– The center of the top screw and the center of the bottom screw must belong to the axis of the pole (cylinder). Also the axis of the pole must be perpendicular to both circular disks (top and bottom bases of the cylinder) (Lambrou E. et al (2011)).
– Each pole must be screw exactly by the same way on every ground – base.
The ground – base is circular with 20 cm diameter and 2cm thickness; it has a hole with turns of screw in the center of 5cm diameter where the pole screws (picture 2). Also it has four holes at the circumference where special porps are put to firm it in the ground. The base was made by inox in order to protect it from rusting. A pole costs about 250 euros as 300 euros are enough for the ground – base.
Implementation of Portable Metallic Pillar (PMP)
The ground base is incorporated in the ground at the selected position. It is stabilized by concrete. Special attention must be paid for the proper levelling of the ground-base. The ground base should be horizontal in order to force the pole to stand at vertical position when it is screwed on the ground base. This could be realized by using a digital level during the establishment procedure.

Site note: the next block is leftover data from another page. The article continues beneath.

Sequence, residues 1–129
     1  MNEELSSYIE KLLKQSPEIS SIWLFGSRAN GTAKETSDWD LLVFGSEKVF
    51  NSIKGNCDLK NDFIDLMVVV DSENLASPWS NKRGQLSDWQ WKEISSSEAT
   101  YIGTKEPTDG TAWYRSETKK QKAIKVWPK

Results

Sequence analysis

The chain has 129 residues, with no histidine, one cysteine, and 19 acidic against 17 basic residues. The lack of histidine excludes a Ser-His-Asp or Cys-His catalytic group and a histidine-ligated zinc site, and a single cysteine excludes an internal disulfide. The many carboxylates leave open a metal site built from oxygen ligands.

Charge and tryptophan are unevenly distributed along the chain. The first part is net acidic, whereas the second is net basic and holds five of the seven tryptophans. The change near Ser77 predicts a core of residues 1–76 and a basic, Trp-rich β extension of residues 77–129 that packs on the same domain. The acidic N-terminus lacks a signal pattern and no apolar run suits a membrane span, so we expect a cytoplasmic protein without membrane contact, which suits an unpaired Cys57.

As long as the pole is screwed on a ground base and a tribrach is also screwed and leveled on the top of the pole so a TS or a GNSS receiver or a retroreflector could be put accurately at the same position at every measurement campaign. Thus the centering error is totally removed. When a measurement campaign finish, the poles are put off from the ground bases. Nothing remains at the site except the embedded bases in the ground.
It is obvious that the base will permanently remains at the ground position as it is almost impossible to be removed. Thus the number of the ground bases which are needed is equal to the number of the network’s control points. On the contrary, the poles are mobile. So any pole can be put on every ground base as they are exactly suchlike to each other. Therefore the same poles can be used in several of such networks. So, in order to eliminate the total cost, the manufacture of so many poles as ground–bases does not need.
Accurate measurement of instrument height (IH)
The measurement of the height of TS, targets and GNSS antenna is the second significant error. The following methodology ensures accuracy of ±0.1mm to ±0.2mm for instruments height measurement. A digital level and a rod are required in order to apply the procedure.
On a point A, which is situated close to the TS’s station B, about 5-6m, the rod is put. The reading e on the rod is taken by the TS, under the presupposition that the line of sight is horizontal (namely z=100g). Two readings are taken in 1st (eI) and 2nd (eII) telescope position (namely z= 300g) (Figure 1a). The mean value is calculated as
As the level’s reading accuracy on a digital rod is ±0.1mm. The total accuracy succeeded depends on the observer’s reading skill on the rod (e), that could be ± 0.2 mm.